Stack Overflow is a community of 4.7 million programmers, just like you, helping each other.

Join them; it only takes a minute:

Sign up
Join the Stack Overflow community to:
  1. Ask programming questions
  2. Answer and help your peers
  3. Get recognized for your expertise

I come from some experience with MVC frameworks and recently I started to get interested in Spring. I think it's a good framework, for what I've seen until now. Anyway, in my past experiences I was used to a different programming style, especially for the structure of controllers. The way I was used to to employ controllers was different. Of course I used to map somehow a request to them (think of structs with various actions), but then what I really liked was that you could pass actions to other controllers, then they would remain the "active" controller and those would be responsible of handling the next request, may it come from an HTTP request or from something else. I did enjoy this because it was very good to keep the state of a user session in an automated way, making code clean and separating different situations in different controllers. Now I've read Spring Web MVC and the docs only talk about controllers that answer requests, but they don't keep state and there's no word about chaining controllers (apart from forwarding) and state retention.

How do you handle these topics in spring, is there a different way, or should I implement my own stateful controllers and state/action classes?

I hope my question is clear enough and I apologize for its broadness.

share|improve this question
In what situations would you want to have chaining controllers like this? – OrangeDog Jan 5 '11 at 16:27
I usually tie every simple activity to one controller, so that I can isolate the logic of that action (a number of queries, views and data manipulations). Then when the user enters another activity I usually forward everything to the controller that does it. Thus it is easier to mantain and you can reuse code. – gotch4 Jan 5 '11 at 17:46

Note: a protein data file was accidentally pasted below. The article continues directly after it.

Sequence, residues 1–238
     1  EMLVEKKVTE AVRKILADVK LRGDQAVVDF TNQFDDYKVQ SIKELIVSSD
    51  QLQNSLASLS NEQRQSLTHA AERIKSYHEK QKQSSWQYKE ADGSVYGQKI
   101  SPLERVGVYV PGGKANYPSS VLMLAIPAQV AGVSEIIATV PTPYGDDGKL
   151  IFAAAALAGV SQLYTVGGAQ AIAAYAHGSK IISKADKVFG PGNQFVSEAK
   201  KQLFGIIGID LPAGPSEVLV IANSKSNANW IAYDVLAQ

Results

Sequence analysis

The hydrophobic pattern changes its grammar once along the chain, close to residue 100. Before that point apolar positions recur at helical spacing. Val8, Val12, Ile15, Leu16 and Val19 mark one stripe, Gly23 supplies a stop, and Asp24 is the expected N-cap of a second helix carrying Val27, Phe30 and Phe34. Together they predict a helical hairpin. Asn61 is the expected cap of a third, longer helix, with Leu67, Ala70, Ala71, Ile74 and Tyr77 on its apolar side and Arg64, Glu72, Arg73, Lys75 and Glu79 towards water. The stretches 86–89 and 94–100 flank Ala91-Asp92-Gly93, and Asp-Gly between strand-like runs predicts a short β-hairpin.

Let's make an example: suppose I have a controller that takes care of showing a view with telephone numbers and let's you choose, add, edit or remove them. In any situation where I need to pick a number in my app, I would forward to this controller, then have it return the picked number. That's what I meant – gotch4 Jan 6 '11 at 10:49
up vote 4 down vote accepted

In Spring MVC you could use the stateless controllers forwarding the request / invoking session scoped beans.

But if this is a good idea or not strongly depends on your use case. -- I would do this only if I there are only a few of this "strange" controllers. -- If you have a lot of them I think it is worth to look for an other solution. (for example JSF with Spring)

share|improve this answer
Example of session scoped beans? – gotch4 Jan 5 '11 at 17:46
Session scoped beans are beans (a.k.a. java beans) thare are stored in the HttpSession. Read this:… – DwB Jan 5 '11 at 18:40

In Java, the difference between stateful / stateless web frameworks is usually described as the difference between action-based and component-based frameworks.

Both approaches are valid, but usually when you choose a Framework you are stuck with that framework's way of doing it:

Popular Action Frameworks:

Popular Component Frameworks:

(There are of course many more, in both categories)

share|improve this answer
Thanks, but I'm not choosing a framework, I want to use Spring, so my question was more about programming practices in Spring – gotch4 Jan 6 '11 at 10:47
@gotch4 Thanks? So a downvote is your way of saying thanks? – Sean Patrick Floyd Jan 6 '11 at 10:48
@gotch4 and I answered your question. The answer is "Spring MVC doesn't work that way" – Sean Patrick Floyd Jan 6 '11 at 10:50
Some (including me) find division to Action and Component frameworks not quite correct. Components may have component-level actions and actions may involve several components to work. For instance - what category would you assign to HybridJava ( – ken Jan 13 '11 at 1:47

Your Answer


By posting your answer, you agree to the privacy policy and terms of service.

Not the answer you're looking for? Browse other questions tagged or ask your own question.